$8 Continental Currency, 1776

By: Handini

Shown below is an $8 Continental Currency note of the 5th issue, that is notes dated July 22, 1776. Denominations of this issue included $2, $3, $4, $5, $6, $7, $8, and $30 notes (Source: Pick). I find it interesting that there is a large jump from $8 to $30 with no in-between denominations for this issue. Another interesting thing to note is how $30 is the highest issue for the 5th issue but by the time the 11th and final issue is printed, there were denominations as high as $80 issued as the Continental Dollar became devalued throughout the American Revolutionary War.

$8 Continental Currency (1776)
Image Contribution: Handini

$8 Continental Currency (1776)
Image Contribution: Handini

$4 Continental Currency 1779

By: Handini

Shown below is a $4 Continental Currency note of the 11th issue, that is notes dated 14th of January, 1779. Denominations of this issue included $1, $2, $3, $4, $5, $20, $30, $35, $40, $45, $50, $55, $60, $65, $70, and $80 notes. (Source: Pick)

$4 Continental Currency (1779)
Image Contribution: Handini

$4 Continental Currency (1779)
Image Contribution: Handini

Summit County Bank, Cuyahoga Falls, Ohio

By: Handini

The Summit County Bank of Cuyahoga Falls, Ohio, issued fractional currency, not all banks issued fractional notes so this is a nice addition to my collection. The note is a remainder note however, as it lacks a serial number. PCGS grades this note as an AU 55, although it appears to be more of an MS 66 note. I will have to examine the note carefully to see if there is any flaw that is not obvious. Of course they're known for being extra stringent on their grading standards.

5 cents, Summit County Bank, OH (1862)
Image Contribution: Handini

5 cents, Summit County Bank, OH (1862)
Image Contribution: Handini

Collecting Signatures

By: Handini

I recently purchased a colonial PA note from 1772 with the signature of Adam Hubley. He was a Lieutenant Colonel who commanded the 10th Pennsylvania Regiment in the Battle of Paoli (1777) (Source: USHistory.org), the Battle of Brandywine (1777), and the Battle Of Germantown (1777), during the American Revolution.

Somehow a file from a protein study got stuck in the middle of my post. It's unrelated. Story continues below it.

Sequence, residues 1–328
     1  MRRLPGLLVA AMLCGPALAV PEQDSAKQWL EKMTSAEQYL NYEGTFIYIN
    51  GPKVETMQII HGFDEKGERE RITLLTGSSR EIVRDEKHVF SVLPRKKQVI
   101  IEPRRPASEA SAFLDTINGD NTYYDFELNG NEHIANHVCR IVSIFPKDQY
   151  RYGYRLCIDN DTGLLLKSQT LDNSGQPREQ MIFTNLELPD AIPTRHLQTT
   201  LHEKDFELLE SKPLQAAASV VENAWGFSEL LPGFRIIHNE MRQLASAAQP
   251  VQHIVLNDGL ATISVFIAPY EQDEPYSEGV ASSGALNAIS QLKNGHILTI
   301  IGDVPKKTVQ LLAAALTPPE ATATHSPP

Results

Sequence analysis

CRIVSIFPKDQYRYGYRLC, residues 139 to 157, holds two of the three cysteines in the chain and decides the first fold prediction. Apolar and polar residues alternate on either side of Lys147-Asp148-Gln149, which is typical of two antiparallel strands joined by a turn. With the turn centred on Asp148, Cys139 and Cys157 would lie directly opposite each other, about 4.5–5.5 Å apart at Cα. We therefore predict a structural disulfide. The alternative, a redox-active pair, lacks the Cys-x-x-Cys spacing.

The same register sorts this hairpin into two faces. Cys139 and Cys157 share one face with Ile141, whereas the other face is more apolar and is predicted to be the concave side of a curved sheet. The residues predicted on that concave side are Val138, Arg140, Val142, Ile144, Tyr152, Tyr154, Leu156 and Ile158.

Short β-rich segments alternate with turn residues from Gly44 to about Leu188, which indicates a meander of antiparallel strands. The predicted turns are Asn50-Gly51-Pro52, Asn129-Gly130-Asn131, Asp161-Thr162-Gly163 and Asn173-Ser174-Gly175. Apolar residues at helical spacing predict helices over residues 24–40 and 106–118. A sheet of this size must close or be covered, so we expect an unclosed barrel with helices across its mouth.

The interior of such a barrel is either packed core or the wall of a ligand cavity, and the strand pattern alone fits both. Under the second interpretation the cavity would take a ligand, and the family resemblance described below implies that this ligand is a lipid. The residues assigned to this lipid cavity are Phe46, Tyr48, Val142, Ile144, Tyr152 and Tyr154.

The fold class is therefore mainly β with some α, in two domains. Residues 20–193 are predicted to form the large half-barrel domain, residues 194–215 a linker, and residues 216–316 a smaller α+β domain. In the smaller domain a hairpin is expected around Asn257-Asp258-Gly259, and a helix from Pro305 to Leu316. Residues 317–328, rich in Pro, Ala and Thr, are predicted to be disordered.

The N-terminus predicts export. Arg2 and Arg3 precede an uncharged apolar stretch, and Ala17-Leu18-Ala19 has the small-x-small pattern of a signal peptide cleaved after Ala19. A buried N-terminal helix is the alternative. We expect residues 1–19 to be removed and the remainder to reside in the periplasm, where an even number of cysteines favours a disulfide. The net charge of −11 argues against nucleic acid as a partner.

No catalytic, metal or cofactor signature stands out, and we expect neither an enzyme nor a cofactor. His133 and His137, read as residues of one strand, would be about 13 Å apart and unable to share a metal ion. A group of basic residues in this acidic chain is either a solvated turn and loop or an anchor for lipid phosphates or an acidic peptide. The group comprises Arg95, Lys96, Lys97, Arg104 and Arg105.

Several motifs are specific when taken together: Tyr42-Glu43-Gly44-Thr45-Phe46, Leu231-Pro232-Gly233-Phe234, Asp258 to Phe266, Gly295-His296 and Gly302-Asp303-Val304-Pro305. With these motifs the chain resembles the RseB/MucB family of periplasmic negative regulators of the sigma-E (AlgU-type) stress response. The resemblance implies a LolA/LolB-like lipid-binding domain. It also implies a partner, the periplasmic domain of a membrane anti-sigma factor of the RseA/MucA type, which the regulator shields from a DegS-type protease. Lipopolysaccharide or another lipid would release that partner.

1 Shilling, Pennsylvania (1772)
Image Contribution: Handini

Other Denominations of April 3, 1772 PA colonials include:

                                            3 pence
                                            4 pence
                                            6 pence
                                            9 pence
                                            1 shilling
                                          18 pence
                                            2 shillings 6 pence
                                          40 shillings                                                                                    (Source: Pick)

30 Shillings, North Carolina, 1754

By: Handini

While it is not too difficult to find colonial money from the 1770's, sometimes, earlier notes can be found. New Jersey colonials from the 1760's also turn up on occasion. Probing into the earlier decades of the colonial era however does not necessarily prove too difficult for the colonial collector. As far as North Carolina colonials go, the notes from 1748 and 1754 are not as rare as other earlier colonials. Of course, colonials earlier than that almost never turn up. Good luck finding a colonial Massachusetts note from 1690, and being able to afford it.

I recently purchased a 30 shilling note from North Carolina dated March 9, 1754. Many of these notes appear to have been so crudely cut that a lot of them have portions missing such as the 54 or just the 4 from the date. A lot of these notes bear, on their reverse, the signatures of people who came across the individual note. This was likely done to track who spent it in case it turned out to be a counterfeit.

30 Shillings, North Carolina (1754)
Image Contribution: Handini

30 Shillings, North Carolina (1754)
Image Contribution: Handini

Other Denominations of March 9, 1754 NC colonials include:

                                            4 pence
                                            8 pence
                                            1 shilling
                                            2 shillings 8 pence
                                            4 shillings
                                            5 shillings
                                            6 shillings 8 pence
                                          10 shillings
                                          15 shillings
                                          20 shillings
                                          30 shillings
                                          40 shillings                                                                                    (Source: Pick)

I love the plain and uncluttered design of this note, as opposed to the later colonials of the 1770's. Note how this note is declared to be 30 shillings and not backed by Spanish Milled Dollars, gold or silver as the Continental Currency was. Paper currency began as fiat currency and upon the realization of the distrust people had for the paper, they became backed by a tangible asset like gold or silver. With the fiat dollar of the Federal Reserve System, we have come full circle. The dollar of today will remain abundant, and even more so, than the colonial fiat notes. Thank you Bernanke. Our great great great grand children will be able to amass a large collection of 100 dollar bills from our generation for the price of a gram of copper.

Bank Of The Valley, Winchester, VA

By: Handini